I have said before that I am an “Incarnational Christian.” What I mean by this is that much of my theology is based on the understanding that our God took upon himself a human form…lowered himself…and came to earth…messy, mixed up, dirty, confused earth. And, doing so, God gives us a model of discipleship. It’s one of lowering ourselves for others. It’s one of entering into the suffering places of humans. It’s a faith that must be lived out…not just talked about or theorized or preached.
I find great Scriptural support in verses such as the following:
The Word became flesh and blood,
and moved into the neighborhood.
We saw the glory with our own eyes,
the one-of-a-kind glory,
like Father, like Son,
Generous inside and out,
true from start to finish. (John 1:14 — The Message)
Let the same mind be in you that was in Christ Jesus,
who, though he was in the form of God,
did not regard equality with God
as something to be exploited,
but emptied himself,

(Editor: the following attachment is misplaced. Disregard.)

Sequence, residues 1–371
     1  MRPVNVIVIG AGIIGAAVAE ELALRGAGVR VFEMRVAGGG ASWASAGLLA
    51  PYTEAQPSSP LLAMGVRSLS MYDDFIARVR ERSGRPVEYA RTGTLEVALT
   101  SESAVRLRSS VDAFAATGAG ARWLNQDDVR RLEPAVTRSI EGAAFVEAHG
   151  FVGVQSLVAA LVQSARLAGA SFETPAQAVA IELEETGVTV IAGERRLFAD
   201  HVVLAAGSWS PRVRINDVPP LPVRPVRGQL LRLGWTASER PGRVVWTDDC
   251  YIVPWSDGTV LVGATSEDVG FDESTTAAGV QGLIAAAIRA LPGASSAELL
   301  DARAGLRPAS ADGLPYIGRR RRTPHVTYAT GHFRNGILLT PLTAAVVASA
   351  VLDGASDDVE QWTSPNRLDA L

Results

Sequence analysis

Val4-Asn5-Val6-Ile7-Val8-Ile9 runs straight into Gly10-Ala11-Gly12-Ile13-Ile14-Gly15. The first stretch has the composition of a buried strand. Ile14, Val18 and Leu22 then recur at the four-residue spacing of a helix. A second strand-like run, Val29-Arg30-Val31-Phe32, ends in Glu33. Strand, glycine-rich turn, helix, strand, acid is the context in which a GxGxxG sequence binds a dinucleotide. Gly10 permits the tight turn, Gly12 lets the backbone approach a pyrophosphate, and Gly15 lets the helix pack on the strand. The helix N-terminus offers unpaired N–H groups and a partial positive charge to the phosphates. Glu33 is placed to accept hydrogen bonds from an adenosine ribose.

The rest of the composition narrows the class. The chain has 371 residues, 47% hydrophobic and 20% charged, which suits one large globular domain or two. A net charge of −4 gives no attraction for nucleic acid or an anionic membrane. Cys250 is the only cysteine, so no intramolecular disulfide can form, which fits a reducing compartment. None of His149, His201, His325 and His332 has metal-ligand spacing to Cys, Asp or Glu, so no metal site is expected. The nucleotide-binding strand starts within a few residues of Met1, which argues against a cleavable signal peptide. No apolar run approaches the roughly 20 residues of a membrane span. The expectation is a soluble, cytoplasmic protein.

taking the form of a slave,
being born in human likeness.
And being found in human form,
he humbled himself
and became obedient to the point of death—
even death on a cross. (Philippians 2:5-8 — NRSV)
Our God enters into the midst of the mess of life. Our God comes to where we are..in Christ. Cool, huh?
So often at Christmastime, we hold onto that blessed Christmas morning as if it’s the perfect Hallmark Card moment in time and space. We long for that “Silent Night, Holy Night” when “All is Calm, All is bright” and all is right with the world. There’s nothing but peace and love and happiness and sugarplum fairies and so on and so forth. It is, after all, “the most wonderful time of year.” Our songs tell us this, it must be true.
And we can bust our collective tails trying to ensure that we have the perfect Christmas experience…the house all clean, fancy Christmas cookies made and handed out the neighbors, Bing Crosby on the stereo, and gifts sent out months in advance.
However (and this is not be a Grinch) the birth of Christ isn’t like this.